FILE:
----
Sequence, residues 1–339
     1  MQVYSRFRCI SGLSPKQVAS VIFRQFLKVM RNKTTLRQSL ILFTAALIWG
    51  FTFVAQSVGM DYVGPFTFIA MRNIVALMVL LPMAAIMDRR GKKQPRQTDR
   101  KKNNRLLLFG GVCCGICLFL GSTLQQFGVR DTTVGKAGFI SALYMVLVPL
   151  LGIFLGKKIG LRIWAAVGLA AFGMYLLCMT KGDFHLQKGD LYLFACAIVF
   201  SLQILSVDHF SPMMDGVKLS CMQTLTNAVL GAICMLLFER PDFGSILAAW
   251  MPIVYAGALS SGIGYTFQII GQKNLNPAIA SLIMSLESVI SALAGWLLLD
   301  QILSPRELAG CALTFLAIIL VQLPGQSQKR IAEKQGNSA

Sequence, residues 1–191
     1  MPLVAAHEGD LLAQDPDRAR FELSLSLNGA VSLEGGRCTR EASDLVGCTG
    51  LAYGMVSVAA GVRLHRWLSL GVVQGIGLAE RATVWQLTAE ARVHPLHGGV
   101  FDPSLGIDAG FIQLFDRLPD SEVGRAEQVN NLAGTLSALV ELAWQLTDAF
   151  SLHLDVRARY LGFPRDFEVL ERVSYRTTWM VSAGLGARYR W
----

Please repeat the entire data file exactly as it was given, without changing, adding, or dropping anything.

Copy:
Sequence, residues 1–339
     1  MQVYSRFRCI SGLSPKQVAS VIFRQFLKVM RNKTTLRQSL ILFTAALIWG
    51  FTFVAQSVGM DYVGPFTFIA MRNIVALMVL LPMAAIMDRR GKKQPRQTDR
   101  KKNNRLLLFG GVCCGICLFL GSTLQQFGVR DTTVGKAGFI SALYMVLVPL
   151  LGIFLGKKIG LRIWAAVGLA AFGMYLLCMT KGDFHLQKGD LYLFACAIVF
   201  SLQILSVDHF SPMMDGVKLS CMQTLTNAVL GAICMLLFER PDFGSILAAW
   251  MPIVYAGALS SGIGYTFQII GQKNLNPAIA SLIMSLESVI SALAGWLLLD
   301  QILSPRELAG CALTFLAIIL VQLPGQSQKR IAEKQGNSA

Sequence, residues 1–191
     1  MPLVAAHEGD LLAQDPDRAR FELSLSLNGA VSLEGGRCTR EASDLVGCTG
    51  LAYGMVSVAA GVRLHRWLSL GVVQGIGLAE RATVWQLTAE ARVHPLHGGV
   101  FDPSLGIDAG FIQLFDRLPD SEVGRAEQVN NLAGTLSALV ELAWQLTDAF
   151  SLHLDVRARY LGFPRDFEVL ERVSYRTTWM VSAGLGARYR W